This explains partially the estrangement from responsibility as far as environmental damages are concerned. Another explanation can come from the way we use our reason, which again is illuminated by the story of Oedipus. He is the hero who deciphers the enigma proposed by the Sphinx, using his mental capacity to brilliantly solve problems. The riddle refers to the general features and ages of mankind, not to the specificity of his own self. His reason is directed outwardly, to the world, not inwardly towards his inner reality. This is further confirmed when the plague breaks out. The distraught citizens of Thebes ask for his help, trusting his ability to figure out solutions. Oedipus sends his brother-in-law Creon to the oracle and finds out that the city suffers because king Laius’ murderer lives in it unpunished. Consequently, the protagonist promises to investigate and punish the author of the crime and even puts a curse on him, completely ignoring he is cursing himself. The human paradox illustrated by Oedipus is his search for truth outside himself ignoring the part of truth that lies within himself, the inference being that in order to function well, the human subject should be able to conjoin self-knowledge and knowledge of the world.

When he summons the prophet Tiresias to identify the murderer and finds out he is the cause of the plague and the destruction surrounding it, in Sophocles’ play Oedipus responds first in aggressive denial, accusing Tiresias and Creon of plotting against him. Putting the blame on others and considering an accusation of crime as an attempt to undermine one’s authority is what happens currently when people, in power or not, shun their responsibilities. This attitude applies perfectly to environmental issues, where blaming others is easier, since a type of plastic or chemical is produced in one place, used in another and transported yet to other areas it ends up polluting. Responsibilities are divided, but because of this they turn vague and evaporate. The fact that Oedipus is the cause of the plague and his self-induced punishment the solution to it reveals the political dimension of Sophocles’ version of the myth and hints at a stark reality: the responsibility of men in power is greater than that of common citizens, as they can take paramount decisions and implement them. In the field of environmental problems, without political legitimacy that would turn ideas into concrete measures, any discussions on changing the present negative tendencies are null.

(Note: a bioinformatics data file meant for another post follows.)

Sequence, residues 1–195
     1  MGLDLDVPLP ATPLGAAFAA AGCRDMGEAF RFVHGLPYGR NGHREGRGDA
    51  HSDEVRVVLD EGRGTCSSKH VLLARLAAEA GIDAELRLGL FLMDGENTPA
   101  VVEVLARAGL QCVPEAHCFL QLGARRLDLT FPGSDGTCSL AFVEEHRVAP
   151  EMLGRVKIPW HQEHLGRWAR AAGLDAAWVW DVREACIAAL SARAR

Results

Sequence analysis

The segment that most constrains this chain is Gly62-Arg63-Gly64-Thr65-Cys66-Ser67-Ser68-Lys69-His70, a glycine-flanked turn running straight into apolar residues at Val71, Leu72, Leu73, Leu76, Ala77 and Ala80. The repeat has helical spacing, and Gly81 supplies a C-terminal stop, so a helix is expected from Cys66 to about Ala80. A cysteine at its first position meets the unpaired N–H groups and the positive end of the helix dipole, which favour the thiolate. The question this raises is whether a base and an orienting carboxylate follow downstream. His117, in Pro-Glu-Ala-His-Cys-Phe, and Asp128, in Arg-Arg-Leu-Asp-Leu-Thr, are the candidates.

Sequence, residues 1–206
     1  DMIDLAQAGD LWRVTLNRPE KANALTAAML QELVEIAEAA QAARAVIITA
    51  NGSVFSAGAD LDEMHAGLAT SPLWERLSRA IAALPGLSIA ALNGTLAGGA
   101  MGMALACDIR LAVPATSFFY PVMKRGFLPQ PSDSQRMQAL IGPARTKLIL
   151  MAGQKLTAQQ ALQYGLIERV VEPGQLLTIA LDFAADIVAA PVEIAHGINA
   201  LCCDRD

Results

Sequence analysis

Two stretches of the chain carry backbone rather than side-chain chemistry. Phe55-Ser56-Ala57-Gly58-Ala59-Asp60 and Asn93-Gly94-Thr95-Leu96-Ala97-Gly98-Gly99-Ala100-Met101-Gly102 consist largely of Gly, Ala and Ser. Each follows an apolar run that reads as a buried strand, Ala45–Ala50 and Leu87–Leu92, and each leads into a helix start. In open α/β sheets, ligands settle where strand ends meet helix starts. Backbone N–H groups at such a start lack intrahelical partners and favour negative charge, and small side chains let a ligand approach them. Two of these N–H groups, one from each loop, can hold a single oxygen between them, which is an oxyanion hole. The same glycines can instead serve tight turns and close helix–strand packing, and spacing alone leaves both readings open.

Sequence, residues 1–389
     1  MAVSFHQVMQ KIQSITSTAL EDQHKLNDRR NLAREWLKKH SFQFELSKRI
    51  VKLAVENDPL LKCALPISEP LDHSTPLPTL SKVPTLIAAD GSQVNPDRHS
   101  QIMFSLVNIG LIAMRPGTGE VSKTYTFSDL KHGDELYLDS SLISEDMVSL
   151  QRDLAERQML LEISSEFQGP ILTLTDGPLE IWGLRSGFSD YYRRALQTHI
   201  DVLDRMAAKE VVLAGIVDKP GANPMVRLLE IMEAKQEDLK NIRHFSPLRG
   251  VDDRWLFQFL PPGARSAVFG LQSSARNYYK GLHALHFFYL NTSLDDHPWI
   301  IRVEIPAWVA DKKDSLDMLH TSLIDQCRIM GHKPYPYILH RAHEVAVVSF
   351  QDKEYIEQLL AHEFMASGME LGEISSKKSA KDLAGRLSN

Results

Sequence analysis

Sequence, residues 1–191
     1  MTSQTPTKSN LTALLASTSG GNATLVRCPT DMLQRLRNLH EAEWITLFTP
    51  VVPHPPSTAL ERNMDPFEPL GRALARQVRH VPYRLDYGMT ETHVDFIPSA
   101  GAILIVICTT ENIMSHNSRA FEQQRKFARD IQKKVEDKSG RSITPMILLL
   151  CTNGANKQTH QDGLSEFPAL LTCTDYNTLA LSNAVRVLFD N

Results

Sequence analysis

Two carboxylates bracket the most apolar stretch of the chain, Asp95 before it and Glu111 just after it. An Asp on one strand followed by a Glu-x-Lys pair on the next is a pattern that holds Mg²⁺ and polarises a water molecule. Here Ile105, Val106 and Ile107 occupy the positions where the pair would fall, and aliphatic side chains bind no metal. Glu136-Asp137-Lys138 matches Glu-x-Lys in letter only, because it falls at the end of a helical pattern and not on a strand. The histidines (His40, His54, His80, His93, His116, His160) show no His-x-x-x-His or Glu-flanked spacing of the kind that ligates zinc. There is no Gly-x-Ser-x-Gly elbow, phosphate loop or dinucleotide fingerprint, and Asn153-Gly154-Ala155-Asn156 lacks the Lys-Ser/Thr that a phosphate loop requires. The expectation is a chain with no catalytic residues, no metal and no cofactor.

Oedipus is an admired and respected king, but proves to be a regicide, a parricide, and has an incestuous relationship to his mother, Laius’ widow, who gave him 4 children. He trespassed, albeit inadvertently, every natural and moral limit. The idea that the political leaders’ lack of moral integrity translates into natural hazards is very old and shared by various cultures, as philosophical and literary works of the past testify. The foundation of this belief may be the intuition that human power can affect the natural balance outside the human sphere as everything was conceived as interconnected, and this intuition manifested itself long before mankind had the means to actually impact Nature in a massive and enduring way. Yet if in the past people looked at the behavior of their leaders to explain natural hazards, now each person partaking in the modern way of life contributes to the change of the environment and has a share in responsibility.